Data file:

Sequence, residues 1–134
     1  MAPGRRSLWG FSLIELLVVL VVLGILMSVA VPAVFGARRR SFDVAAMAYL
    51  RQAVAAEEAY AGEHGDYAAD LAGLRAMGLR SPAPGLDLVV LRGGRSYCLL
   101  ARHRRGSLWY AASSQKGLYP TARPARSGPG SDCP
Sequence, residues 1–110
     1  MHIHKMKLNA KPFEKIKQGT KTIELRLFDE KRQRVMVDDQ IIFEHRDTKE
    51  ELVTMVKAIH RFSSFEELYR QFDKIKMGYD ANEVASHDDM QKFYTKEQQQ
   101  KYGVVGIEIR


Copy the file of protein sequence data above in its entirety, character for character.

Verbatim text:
Sequence, residues 1–134
     1  MAPGRRSLWG FSLIELLVVL VVLGILMSVA VPAVFGARRR SFDVAAMAYL
    51  RQAVAAEEAY AGEHGDYAAD LAGLRAMGLR SPAPGLDLVV LRGGRSYCLL
   101  ARHRRGSLWY AASSQKGLYP TARPARSGPG SDCP
Sequence, residues 1–110
     1  MHIHKMKLNA KPFEKIKQGT KTIELRLFDE KRQRVMVDDQ IIFEHRDTKE
    51  ELVTMVKAIH RFSSFEELYR QFDKIKMGYD ANEVASHDDM QKFYTKEQQQ
   101  KYGVVGIEIR